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Super Tuesday: What to Notice

know your facts Mar 06, 2024
the red and white stripes of a US flag lay across a red, white, and blue sign that reads PRIMARY ELECTIONS. Photo by Kameleon007 for getty images via

As I write this on Super Tuesday, the single biggest day for presidential primaries in the US, it seems like things are going as expected. Fifteen states and one territory are voting for the Democratic and Republican nominees for president and some states are also voting for nominees for senate or governor.


Super Tuesday States & Territories

Alabama, Alaska (GOP only), Arkansas, California, Colorado, Maine, Massachusetts, Minnesota, North Carolina, Oklahoma, Tennessee, Texas, Utah, Vermont, Virginia, and American Samoa.


What is a Primary and How Does it Work?

Before I get into what’s expected and what’s interesting, let’s review what primaries are and how they work. A primary is an election to select candidates, usually for a specific political party, to be included on the general election ballot. Primaries award delegates, and candidates must reach a specific number of delegates to win the nomination and appear on the general election ballot in November.

According to the National Conference on State Legislatures, the way party primaries work varies by state.

Primaries fall into these six categories:

  • Closed: you must be a registered member of the party to vote in the primary election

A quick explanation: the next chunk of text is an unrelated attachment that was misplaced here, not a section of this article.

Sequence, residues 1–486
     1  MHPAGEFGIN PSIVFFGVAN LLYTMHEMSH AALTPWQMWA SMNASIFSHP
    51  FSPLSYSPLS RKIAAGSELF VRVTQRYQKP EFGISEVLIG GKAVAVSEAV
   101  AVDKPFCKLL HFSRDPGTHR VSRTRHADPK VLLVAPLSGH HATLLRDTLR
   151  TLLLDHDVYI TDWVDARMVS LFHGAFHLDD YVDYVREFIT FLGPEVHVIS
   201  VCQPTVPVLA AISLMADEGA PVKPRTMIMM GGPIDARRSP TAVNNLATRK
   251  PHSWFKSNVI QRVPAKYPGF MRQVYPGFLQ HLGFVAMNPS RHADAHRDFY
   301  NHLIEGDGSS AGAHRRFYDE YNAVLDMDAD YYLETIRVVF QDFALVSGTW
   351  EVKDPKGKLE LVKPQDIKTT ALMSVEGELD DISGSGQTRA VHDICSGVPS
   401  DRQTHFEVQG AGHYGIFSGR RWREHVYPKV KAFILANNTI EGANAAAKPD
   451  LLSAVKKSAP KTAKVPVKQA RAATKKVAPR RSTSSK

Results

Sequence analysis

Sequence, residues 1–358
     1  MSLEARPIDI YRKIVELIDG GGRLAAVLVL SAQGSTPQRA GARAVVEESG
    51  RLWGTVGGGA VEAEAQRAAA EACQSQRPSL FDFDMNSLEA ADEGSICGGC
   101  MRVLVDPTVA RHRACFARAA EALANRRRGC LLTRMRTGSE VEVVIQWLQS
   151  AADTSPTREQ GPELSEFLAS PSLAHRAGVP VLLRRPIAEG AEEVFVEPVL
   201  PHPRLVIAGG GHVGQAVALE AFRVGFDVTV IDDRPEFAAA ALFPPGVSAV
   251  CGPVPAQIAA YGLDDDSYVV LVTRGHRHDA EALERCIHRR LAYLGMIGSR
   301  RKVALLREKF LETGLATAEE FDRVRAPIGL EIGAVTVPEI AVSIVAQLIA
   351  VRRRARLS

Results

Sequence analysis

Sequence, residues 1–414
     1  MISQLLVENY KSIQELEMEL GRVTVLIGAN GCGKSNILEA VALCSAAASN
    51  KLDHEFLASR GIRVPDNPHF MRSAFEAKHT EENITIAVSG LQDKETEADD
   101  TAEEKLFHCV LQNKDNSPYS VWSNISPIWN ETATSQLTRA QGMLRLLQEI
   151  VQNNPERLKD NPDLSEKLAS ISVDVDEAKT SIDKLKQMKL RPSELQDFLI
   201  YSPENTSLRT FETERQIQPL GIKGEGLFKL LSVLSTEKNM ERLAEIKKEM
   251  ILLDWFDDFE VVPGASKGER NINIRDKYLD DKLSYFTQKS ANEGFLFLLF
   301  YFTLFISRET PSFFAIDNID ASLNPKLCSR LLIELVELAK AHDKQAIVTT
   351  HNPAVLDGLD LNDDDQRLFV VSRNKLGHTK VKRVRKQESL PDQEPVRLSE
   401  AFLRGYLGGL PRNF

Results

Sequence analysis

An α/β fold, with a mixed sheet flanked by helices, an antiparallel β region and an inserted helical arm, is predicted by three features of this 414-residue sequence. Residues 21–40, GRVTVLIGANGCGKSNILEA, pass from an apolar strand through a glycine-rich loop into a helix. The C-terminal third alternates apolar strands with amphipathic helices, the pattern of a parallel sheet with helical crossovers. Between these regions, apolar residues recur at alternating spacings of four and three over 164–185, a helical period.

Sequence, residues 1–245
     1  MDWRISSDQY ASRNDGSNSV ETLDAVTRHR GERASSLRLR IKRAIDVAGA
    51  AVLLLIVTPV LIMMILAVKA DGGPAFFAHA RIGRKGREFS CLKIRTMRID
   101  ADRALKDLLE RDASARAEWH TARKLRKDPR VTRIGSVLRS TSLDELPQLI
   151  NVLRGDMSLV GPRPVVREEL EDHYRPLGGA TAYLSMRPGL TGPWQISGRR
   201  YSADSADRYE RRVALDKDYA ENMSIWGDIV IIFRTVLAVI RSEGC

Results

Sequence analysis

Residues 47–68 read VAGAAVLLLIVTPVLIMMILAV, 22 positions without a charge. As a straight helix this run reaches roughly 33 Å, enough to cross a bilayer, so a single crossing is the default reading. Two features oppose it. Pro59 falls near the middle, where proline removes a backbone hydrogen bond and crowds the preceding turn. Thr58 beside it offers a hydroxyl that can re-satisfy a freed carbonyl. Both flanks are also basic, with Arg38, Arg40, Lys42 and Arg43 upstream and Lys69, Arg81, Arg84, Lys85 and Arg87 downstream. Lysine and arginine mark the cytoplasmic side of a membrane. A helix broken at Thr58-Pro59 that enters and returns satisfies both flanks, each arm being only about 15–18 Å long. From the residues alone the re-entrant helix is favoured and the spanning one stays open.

• Partially Closed: Each election cycle, parties get to choose whether to allow unaffiliated voters to participate in their primaries.
  • Partially Open: Voters can cross party lines, but their ballot choice may be seen as registering with the other party.
  • Open to Unaffiliated Voters: unaffiliated voters can vote in either primary, but registered voters must participate in their own party’s primary.
  • Open Primaries: In general, states that don’t ask voters to choose parties on the voter registration form are “open.” Voters choose which party’s ballot to vote on, but the decision is private and doesn’t register the voter with that party.
  • Multi-party: a growing number of states hold a single primary with all candidates on one ballot, regardless of party. The top candidates (the number varies by state) are the ones who advance to the general election. In states like Nebraska, the ballots don’t identify the candidate’s party.


Things are Going as Expected

Incumbent President Joe Biden was expected to win the party nomination easily, and Trump was expected to be in the lead for the Republicans. According to the Guardian, early results showed they both won several states: Virginia, North Carolina, Maine, Massachusetts, Oklahoma, Tennessee, Texas, Arkansas, Alabama, Colorado and Minnesota. Nikki Haley won the Republican primary in Vermont (and the primary in Washington, DC on Monday).

To secure the Democratic nomination, Biden must have 1,968 delegates, which he could win as early as March 19 when Florida, Illinois, Kansas and Ohio hold their Democratic primaries. Trump needs 1,215 needed to win the nomination and the earliest he could have those is also 19 March with Arizona, Florida, Illinois, Kansas and Ohio, as long as Haley doesn't win another state.


Unrest with the Democrats